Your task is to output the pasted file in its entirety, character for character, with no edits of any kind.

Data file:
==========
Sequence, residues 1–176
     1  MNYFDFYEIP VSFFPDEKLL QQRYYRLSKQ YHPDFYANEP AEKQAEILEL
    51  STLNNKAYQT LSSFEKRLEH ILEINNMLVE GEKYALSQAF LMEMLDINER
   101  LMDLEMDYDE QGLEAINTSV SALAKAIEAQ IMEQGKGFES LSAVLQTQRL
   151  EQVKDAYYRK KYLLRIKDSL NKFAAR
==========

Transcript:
Sequence, residues 1–176
     1  MNYFDFYEIP VSFFPDEKLL QQRYYRLSKQ YHPDFYANEP AEKQAEILEL
    51  STLNNKAYQT LSSFEKRLEH ILEINNMLVE GEKYALSQAF LMEMLDINER
   101  LMDLEMDYDE QGLEAINTSV SALAKAIEAQ IMEQGKGFES LSAVLQTQRL
   151  EQVKDAYYRK KYLLRIKDSL NKFAAR